On a narrow vote late Tuesday, Madison’s City Council approved changes to zoning rules that aim to make it easier to build more housing in the city.
Proponents argue these changes, among other measures to promote more living units, are needed as Madison deals not only with a crisis of affordable housing, but also one of housing supply. Madison has a 3% vacancy rate — compared to a healthy rate of 5% — and needs to add 2,000 units per year just to keep up with population growth.
“This isn’t about creating subsidized housing, it's not about lowering rents,” Mayor Satya Rhodes-Conway said Tuesday. “It is about keeping rents from going up faster and faster as they have been.”
The changes raised concerns that new housing could price residents out of their neighborhoods. Also, engaged neighborhood residents argued that the changes will eliminate opportunities for them to give their opinion on projects.
Some City Council alders were skeptical that the changes will create affordable housing units and wanted to slow the process down to consider other measures. However, the council adopted the zoning code changes, with some changes, on an 11-9 vote after two hours of public comment and several hours more of questions and discussion.
Alds. Charles Myadze, District 18; Mike Verveer, District 4; Nasra Wehelie, District 7; Syed Abbas, District 12; Brian Benford, District 6; Sheri Carter, District 14; Grant Foster, District 15; and Barbara Harrington-McKinney, District 1, voted against the proposal.
Foster objected to what he called a “marketing and persuasion campaign” targeted at alders and city residents to support the proposal. He would have liked to see other options considered like incentives for affordable housing developers to add density to projects.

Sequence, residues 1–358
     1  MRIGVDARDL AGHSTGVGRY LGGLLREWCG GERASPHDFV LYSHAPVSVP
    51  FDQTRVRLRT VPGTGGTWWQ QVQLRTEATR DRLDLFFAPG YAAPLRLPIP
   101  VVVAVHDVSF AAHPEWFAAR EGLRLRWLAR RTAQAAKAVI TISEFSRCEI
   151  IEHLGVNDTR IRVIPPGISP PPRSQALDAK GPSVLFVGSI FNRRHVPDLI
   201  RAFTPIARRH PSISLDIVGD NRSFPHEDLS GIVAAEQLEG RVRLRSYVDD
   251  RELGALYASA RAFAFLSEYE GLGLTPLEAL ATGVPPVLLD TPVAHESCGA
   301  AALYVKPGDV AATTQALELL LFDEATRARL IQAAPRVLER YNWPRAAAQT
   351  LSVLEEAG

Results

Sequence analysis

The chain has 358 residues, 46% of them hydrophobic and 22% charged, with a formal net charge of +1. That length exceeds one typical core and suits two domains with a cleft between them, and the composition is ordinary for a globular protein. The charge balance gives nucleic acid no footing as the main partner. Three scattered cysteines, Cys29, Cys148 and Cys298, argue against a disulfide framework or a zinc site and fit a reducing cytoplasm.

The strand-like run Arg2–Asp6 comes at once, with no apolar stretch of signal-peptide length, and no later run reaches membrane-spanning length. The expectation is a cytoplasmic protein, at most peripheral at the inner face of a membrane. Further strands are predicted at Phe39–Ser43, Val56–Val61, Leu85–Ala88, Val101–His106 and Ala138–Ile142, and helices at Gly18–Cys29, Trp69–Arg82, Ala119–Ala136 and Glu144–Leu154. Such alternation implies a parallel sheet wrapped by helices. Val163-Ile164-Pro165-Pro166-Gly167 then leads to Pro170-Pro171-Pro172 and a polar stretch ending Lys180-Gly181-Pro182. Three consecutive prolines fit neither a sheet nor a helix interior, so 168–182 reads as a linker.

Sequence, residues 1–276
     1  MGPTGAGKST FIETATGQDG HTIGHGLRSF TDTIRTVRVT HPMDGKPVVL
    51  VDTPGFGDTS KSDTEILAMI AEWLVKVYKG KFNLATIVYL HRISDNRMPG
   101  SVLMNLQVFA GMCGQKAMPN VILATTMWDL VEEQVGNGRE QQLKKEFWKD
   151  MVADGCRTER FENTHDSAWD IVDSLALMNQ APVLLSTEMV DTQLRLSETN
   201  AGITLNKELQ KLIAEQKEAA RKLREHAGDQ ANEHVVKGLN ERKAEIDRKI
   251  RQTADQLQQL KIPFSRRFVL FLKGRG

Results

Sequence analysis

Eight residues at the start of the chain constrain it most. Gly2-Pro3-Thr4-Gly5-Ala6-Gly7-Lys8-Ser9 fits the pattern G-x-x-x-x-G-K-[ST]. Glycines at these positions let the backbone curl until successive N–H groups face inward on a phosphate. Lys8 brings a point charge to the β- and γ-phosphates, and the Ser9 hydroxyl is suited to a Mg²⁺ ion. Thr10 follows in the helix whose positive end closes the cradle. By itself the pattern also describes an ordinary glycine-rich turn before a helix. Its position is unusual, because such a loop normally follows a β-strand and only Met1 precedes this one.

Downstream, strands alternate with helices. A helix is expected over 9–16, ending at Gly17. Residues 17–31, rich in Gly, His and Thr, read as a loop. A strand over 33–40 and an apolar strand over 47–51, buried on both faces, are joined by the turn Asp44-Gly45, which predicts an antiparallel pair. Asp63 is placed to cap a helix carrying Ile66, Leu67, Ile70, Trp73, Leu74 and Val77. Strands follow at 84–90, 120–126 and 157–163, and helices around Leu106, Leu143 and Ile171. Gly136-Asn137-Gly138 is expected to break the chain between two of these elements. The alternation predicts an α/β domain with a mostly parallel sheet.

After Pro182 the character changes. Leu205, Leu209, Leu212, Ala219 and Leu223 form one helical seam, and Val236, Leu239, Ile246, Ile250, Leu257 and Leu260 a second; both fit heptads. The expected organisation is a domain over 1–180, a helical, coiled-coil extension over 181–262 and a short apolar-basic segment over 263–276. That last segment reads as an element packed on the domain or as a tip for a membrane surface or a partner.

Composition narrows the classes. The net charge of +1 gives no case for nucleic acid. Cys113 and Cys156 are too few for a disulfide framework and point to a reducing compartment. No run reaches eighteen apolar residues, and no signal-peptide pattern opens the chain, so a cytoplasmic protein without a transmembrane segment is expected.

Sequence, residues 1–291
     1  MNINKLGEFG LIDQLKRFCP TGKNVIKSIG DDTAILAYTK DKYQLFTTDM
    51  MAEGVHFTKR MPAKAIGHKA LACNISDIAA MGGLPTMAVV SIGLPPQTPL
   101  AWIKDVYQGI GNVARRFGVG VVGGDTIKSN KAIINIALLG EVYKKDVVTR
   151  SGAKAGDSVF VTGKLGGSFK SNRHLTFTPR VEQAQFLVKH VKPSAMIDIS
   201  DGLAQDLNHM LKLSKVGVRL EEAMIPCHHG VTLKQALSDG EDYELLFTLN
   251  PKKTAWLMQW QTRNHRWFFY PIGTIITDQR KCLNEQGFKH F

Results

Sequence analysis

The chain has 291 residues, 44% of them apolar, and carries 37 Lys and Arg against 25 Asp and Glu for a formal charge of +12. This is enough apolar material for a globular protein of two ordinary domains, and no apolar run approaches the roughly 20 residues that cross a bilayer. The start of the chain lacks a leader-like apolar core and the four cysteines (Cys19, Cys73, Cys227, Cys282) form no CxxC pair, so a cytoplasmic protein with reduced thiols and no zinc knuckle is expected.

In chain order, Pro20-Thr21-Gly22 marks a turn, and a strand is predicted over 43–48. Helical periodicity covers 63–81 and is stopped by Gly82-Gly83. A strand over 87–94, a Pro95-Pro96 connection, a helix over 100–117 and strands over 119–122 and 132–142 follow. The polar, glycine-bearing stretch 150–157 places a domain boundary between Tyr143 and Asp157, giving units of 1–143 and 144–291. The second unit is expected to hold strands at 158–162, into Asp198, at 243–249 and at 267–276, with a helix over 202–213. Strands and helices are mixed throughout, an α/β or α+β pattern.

“All of this work cannot happen at the staff level with direction of the mayor,” Foster said. “There’s 20 of us. We’re all representing constituents.”
Madison planning staff say that the changes are an important part of the puzzle of solving the city’s housing challenges. With other strategies like land banking and affordable housing funds that support small-scale development, Planning Division director Heather Stouder said they are “really exciting tools that the city can utilize moving forward.”
Rhodes-Conway said in a statement after the meeting that the council’s decision was a “positive step to support the development of more housing and more types of housing in Madison.
“This ordinance alone will not solve our housing crisis, but it is one piece of a larger strategy that we are acting on,” Rhodes-Conway said in the statement.
The zoning code changes are meant to make it easier to build more multi-family housing in Madison. Also, the city hopes to support new and smaller-scale developers by making it easier, more predictable and less expensive to create more housing.
There are three components of changes. One of them creates more uses that are allowed “by right,” meaning that they don't require conditional use approval from the Plan Commission and can move forward with city staff permission.
Proponents say streamlining the city’s development process will make it easier, minimize risk and cost less to create more housing. And, more housing is needed to close the supply and demand gap for housing in Madison.